When I crossed the finish line of my Olympic final in first place, I was stunned. It wasn’t that it was unexpected; Katherine and I were the favourites and we had never been beaten in the three years we had been boat partners. The memories are extremely vivid. The noise and height of the grandstands, the sense of being inside a stadium yet on the water, counting the 5 other boats behind us to be sure we were first, the knowledge that my family and friends were there, the pain in my legs and lungs, the need for oxygen, the sunlight on the water, the deepest possible satisfaction of perfect teamwork and a challenge met… but emotions? There weren’t any. This was awkward, as it was one of the questions that I was asked most during the hours that followed: “How do you feel?” I didn’t know. I was stunned.
The human mind is a strange thing. Of course, over the days and weeks that followed, elation, relief, and gratitude flooded in, followed by a deep and lasting pleasure. But at that moment, crossing the line, I think I just completely ran out of emotions and became numb. My brain couldn’t handle more.
This – alongside training for the Olympics, when my emotions often took me on a roller-coaster ride – was one of the more memorable experiences. It made me curious about how human emotions work. How can we use our emotions to help us do the things we want to achieve? How can our emotions help us work towards our goals? I’m a great believer in that we should work with the reality of our human selves, not fight ourselves.
The Status-Emotion Connection
Answers can be found in evolution. I recently read a book I highly recommend, “The Status Game” by Will Storr. It argues persuasively that we evolved as humans to cooperate in tribes in order to access resources. This evolution pre-programmed us with three simple rules:
- Connect to tribes
- Work to gain status within these tribes
- Work to elevate the status of the tribe as a whole
Fast forward thousands of years and our tribes are everywhere: workplaces, sports team fans, local communities, IT support experts, flat-earthers. The tribes change but the pre-programmed rules don’t. To win status, we may be competent, virtuous, or dominant. We all do this, and we can’t stop it – it is the way we have ensured access to resources for ourselves and our families for all human time.
These pre-programmed ‘status rules’ are self-enforced using emotions: we are happy when we are gaining status and we feel awful when we are losing it. That, argues the book, is the point of emotions: they are there to coerce us into the tribal behaviours that have helped us survive.
Reasons for Playing the Status Game
First, we humans need progress, goal pursuit, achievement – whatever you want to call it. There is nothing in this system that makes us feel good for just having status within a group. We only feel good as we gain status – just having it isn’t rewarded on a neurological level. Therefore we say it’s ‘about the journey, not the destination’ and ‘money can’t buy happiness’. So we shouldn’t beat ourselves up about never being satisfied – our emotional circuits can’t measure absolute levels of achievement, we can only sense progress.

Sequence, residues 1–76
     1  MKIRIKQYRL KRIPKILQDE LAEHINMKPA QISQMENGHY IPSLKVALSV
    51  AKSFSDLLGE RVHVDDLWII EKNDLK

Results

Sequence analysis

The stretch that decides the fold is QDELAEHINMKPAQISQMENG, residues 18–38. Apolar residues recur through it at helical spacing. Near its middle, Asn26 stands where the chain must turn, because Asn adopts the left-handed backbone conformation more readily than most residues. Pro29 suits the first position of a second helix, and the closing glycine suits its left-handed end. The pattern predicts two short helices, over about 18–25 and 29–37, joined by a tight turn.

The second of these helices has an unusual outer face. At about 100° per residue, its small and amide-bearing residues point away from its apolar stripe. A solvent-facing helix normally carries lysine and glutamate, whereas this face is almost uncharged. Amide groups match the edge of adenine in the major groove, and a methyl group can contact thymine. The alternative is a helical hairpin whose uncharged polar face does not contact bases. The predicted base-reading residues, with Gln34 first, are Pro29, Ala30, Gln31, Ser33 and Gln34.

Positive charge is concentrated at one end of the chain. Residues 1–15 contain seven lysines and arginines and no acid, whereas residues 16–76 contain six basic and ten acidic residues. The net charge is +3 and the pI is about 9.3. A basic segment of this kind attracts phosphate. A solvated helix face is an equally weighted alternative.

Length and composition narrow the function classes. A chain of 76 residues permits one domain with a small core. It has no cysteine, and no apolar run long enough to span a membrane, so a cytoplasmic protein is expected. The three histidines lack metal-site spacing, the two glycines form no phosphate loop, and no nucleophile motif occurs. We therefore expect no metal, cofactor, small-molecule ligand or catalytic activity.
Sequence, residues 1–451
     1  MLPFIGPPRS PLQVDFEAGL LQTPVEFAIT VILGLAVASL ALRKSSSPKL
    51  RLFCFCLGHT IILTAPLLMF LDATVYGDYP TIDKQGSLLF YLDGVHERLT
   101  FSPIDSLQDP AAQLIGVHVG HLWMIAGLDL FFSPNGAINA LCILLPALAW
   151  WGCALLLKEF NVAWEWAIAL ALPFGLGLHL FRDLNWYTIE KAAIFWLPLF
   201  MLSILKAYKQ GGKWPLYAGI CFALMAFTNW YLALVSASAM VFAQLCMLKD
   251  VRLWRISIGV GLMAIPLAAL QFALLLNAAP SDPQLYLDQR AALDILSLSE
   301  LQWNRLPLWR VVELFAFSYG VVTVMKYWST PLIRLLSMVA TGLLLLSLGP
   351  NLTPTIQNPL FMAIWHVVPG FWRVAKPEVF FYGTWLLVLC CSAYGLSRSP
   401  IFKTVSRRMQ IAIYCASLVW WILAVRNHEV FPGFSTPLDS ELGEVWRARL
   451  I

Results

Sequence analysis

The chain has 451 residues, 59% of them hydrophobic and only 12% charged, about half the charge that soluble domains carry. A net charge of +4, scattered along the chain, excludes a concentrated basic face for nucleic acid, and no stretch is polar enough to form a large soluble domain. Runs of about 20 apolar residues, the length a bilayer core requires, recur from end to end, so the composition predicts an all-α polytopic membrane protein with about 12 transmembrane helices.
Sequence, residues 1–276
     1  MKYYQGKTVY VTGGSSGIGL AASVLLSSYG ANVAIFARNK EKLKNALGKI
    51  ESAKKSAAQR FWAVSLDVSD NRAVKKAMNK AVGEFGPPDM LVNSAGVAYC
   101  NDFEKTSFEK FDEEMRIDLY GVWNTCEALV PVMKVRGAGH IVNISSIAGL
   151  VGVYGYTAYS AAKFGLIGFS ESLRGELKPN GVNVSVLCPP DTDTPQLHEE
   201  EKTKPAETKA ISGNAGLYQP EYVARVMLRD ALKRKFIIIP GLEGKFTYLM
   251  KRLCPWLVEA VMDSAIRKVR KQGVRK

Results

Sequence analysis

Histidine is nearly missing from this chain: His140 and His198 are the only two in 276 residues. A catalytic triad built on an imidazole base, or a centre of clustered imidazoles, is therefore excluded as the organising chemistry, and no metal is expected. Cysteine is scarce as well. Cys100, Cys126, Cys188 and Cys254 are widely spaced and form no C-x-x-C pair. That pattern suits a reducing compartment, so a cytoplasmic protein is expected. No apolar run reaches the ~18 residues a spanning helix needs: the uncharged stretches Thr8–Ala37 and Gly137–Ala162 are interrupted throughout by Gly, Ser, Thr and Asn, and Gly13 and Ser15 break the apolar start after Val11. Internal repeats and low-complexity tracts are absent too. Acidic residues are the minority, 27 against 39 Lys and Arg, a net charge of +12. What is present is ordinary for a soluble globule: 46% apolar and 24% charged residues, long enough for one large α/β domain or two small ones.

Secondly, and interestingly, anything that feels like progress will make us feel happy. In the status game of work, any type of promotion or recognition will help. And in the status game of community, visiting a neighbour or helping a stranger – therein gaining status through virtue – will also make us feel good.
And thirdly, we can have this status happiness ‘on tap’ simply by having multiple communities (or games) we value and align with. Then if we are stagnating somewhere and feeling frustrated, we can make a small effort in another of our games, and the emotional reward – happiness – is ours.
I am finding this way of thinking incredibly useful for days when I seem to make no progress, for days when I just don’t feel like it, for days when I feel overwhelmed with too much to do. I am learning to seek out the little wins with an outsize emotional boost: sending someone a positive text, doing ten minutes of pilates, replying to the one email I’ve been putting off, inviting a struggling colleague for a quick coffee and chat. These are all progress in various games, and remembering that you are making progress is all that’s necessary.
And the lesson from winning the Olympics? Gentle progress that you can savour is just as good as stellar progress, because the human brain just doesn’t have the circuitry to process that anyway. Savour the daily little wins, because that is what humans were built to do.